Most states adopted compatible legislation, except Western Australia, where mining interests are particularly strong and where it is estimated that up to 40 per cent of the state could fall subject to native title claims. The state government, in fact, legislated to extinguish all native title and offered only some "rights to traditional usage" of land. Western Australia also took the federal government to the High Court, contesting the validity of the Native Titles Act. On March 16, 1995, the court ruled that the Native Title Act was valid, and declared Western Australia’s rival legislation to be unconstitutional.

 Currency and Banking
Click on the image to view the full range.

The unit of currency is the Australian dollar, divided into 100 cents and coined in 5, 10, 20, 50, $1and $2 pieces (A$1.28 equals US$1; 1997). The currency system was converted in 1966 from the old British system of pounds, shillings, and pence to the decimal one. At the changeover the new Australian dollar was worth approximately half the value of the pound, the currency it replaced. 

With the absence of a one and two cent coin, the price of commodities gets rounded of to the nearest cent when it's time to pay up.

The first Australian bank was established in Sydney in 1817. The Reserve Bank of Australia, established in 1911, is the central bank and bank of issue including note issue. The banking system includes the components of the Federal Commonwealth Banking Corporation, comprising the Commonwealth Federal Bank, the  commonwealth Development Bank, and the Commonwealth Savings Bank; state banks; several privately owned trading banks and savings banks; and branches of almost 20 foreign banks. The stock exchanges in the six state capitals merged in 1987 to form the Australian Stock exchange. The financial sector was deregulated in the mid-1980s.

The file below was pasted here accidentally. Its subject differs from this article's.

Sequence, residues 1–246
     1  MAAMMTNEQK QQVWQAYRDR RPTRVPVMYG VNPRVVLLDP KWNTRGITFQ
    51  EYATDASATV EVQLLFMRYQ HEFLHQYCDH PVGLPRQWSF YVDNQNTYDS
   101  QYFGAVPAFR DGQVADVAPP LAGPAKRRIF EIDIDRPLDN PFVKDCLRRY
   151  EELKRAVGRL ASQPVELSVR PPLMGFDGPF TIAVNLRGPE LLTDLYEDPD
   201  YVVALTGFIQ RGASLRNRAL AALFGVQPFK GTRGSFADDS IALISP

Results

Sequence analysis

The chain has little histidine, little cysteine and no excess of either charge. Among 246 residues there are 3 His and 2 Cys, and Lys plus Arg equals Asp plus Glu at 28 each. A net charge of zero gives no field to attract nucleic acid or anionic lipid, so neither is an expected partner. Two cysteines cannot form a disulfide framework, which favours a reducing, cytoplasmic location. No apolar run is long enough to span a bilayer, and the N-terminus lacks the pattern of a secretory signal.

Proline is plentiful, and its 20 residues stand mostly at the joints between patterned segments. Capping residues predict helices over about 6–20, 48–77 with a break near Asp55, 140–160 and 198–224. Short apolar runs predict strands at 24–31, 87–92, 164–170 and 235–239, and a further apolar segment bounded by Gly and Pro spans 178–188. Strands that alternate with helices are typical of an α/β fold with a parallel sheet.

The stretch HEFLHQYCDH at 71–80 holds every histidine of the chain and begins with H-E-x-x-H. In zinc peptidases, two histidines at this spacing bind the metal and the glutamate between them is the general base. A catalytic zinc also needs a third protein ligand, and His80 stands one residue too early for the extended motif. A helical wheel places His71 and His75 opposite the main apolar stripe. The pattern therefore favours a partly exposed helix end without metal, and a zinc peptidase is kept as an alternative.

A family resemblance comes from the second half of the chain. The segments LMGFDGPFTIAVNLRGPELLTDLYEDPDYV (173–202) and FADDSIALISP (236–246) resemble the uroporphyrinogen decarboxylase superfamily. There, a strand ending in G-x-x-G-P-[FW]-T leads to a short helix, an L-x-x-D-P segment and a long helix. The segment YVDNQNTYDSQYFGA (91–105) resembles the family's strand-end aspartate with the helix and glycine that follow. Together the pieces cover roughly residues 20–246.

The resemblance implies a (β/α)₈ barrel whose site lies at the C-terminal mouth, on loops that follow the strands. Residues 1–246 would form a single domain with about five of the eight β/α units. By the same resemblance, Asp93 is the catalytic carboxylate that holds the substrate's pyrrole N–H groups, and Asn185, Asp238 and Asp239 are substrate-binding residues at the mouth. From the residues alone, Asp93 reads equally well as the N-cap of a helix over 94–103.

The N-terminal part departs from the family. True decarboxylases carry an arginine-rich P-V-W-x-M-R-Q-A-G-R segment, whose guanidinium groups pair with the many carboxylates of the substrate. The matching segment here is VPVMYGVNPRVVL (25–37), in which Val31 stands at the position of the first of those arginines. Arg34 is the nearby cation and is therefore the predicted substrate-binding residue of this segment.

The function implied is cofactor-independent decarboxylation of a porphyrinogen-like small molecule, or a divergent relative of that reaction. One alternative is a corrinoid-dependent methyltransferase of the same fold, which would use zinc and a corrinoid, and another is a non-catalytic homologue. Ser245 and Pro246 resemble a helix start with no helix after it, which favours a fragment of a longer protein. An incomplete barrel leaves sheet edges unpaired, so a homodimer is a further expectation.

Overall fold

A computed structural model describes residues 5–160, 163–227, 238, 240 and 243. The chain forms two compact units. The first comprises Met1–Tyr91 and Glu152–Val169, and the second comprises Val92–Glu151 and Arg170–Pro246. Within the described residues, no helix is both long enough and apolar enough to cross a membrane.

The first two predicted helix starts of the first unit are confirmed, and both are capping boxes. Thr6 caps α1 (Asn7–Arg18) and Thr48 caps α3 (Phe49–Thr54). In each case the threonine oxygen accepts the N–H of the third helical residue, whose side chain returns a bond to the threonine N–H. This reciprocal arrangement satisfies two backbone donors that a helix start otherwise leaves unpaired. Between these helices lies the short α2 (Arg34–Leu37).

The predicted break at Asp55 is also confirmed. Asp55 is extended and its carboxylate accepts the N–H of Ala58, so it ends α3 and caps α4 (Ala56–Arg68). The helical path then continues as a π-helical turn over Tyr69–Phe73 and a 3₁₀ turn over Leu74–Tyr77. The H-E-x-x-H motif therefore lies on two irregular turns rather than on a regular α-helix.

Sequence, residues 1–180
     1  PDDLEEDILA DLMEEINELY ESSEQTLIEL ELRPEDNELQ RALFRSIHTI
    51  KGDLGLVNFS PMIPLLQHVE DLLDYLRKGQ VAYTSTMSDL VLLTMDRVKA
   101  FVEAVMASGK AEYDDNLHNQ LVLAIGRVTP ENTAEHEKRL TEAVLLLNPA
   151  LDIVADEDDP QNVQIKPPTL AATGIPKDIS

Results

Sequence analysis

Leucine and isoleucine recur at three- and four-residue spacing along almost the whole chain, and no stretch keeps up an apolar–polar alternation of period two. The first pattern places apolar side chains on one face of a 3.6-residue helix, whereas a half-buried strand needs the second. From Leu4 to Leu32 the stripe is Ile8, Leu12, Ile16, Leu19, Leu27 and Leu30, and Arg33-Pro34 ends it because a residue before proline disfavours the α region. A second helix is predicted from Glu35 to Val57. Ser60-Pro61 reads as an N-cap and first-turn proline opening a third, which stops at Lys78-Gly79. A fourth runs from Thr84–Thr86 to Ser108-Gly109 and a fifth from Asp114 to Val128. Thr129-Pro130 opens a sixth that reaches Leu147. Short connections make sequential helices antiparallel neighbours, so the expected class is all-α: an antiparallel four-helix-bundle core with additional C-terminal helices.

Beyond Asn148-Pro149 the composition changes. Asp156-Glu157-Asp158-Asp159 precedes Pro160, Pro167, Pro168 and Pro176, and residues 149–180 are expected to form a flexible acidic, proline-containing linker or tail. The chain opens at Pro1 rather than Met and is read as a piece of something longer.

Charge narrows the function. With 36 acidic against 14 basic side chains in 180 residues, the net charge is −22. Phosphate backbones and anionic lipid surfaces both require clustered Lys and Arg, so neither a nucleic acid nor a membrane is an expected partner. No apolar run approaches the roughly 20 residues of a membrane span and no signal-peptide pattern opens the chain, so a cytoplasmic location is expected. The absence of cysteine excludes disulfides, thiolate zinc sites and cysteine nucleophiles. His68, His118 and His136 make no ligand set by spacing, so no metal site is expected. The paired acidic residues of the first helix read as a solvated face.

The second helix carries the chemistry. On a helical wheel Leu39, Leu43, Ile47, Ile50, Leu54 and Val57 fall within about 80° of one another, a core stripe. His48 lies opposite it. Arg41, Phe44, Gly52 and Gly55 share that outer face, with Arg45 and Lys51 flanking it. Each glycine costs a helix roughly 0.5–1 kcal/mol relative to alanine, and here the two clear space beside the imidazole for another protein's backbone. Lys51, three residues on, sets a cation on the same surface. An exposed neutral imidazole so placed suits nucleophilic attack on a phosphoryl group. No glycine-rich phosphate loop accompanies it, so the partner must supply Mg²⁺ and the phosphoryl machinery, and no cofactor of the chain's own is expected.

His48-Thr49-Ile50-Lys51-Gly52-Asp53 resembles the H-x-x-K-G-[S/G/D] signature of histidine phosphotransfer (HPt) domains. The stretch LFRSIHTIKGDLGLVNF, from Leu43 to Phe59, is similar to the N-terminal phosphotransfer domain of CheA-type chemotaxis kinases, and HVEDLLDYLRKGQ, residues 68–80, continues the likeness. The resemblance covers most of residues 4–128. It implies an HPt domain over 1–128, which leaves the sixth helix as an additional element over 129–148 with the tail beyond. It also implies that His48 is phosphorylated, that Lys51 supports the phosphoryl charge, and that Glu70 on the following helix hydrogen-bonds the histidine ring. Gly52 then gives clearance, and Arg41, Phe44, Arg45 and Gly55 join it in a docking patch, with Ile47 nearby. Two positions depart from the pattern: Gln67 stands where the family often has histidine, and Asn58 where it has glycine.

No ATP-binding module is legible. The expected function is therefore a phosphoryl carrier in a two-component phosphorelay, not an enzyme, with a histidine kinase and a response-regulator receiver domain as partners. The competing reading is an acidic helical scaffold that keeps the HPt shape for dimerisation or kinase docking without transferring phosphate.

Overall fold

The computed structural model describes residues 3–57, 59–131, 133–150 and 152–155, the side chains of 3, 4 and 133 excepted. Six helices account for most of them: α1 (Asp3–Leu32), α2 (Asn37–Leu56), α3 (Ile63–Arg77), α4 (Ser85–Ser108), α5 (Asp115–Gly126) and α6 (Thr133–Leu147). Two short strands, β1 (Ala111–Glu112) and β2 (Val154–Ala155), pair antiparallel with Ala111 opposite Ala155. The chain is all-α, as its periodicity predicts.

Foreign Trade

Under Australian tariff policy, protection is afforded to essential Australian industries, and preferential treatment is granted to imports from certain Commonwealth countries. Under a 1982 agreement, all barriers to trade with New Zealand were removed by 1990. Customs duty is also levied for revenue purposes. Some modification of the preferential treatment policy has been made by Australia, as a member of the General Agreement on Tariffs and Trade. During the 1980s, imports of goods and services often exceeded exports. Inflows of investment capital from overseas helped to balance Australia’s payments position. 

Japan and the United States are Australia’s major trade partners accounting for almost 40 per cent of all imports and exports in the early 1990s. Other leading Australian export markets are New Zealand, the United Kingdom, Germany, Canada, China, South Korea, Italy, and Papua New Guinea. In addition, new markets are being developed in Asia for Australian wheat and other surplus commodities. Besides the United States and Japan, major suppliers of imports are the United Kingdom, Germany, Taiwan, Hong Kong, Canada, and New Zealand. Principal imports include machinery, transport equipment, chemicals, non-ferrous metals, paper and paperboard, and textile yarns and fabrics. Metalliferous ores, coal, non-ferrous metals, oil, wool, and cereals are Australia’s main exports. Meat is also an important export item. In the mid-1990s annual imports were valued at about US$57.41 billion, exports at about US$51.57 billion. In 1991 Australia recorded a trade surplus of US$305 billion.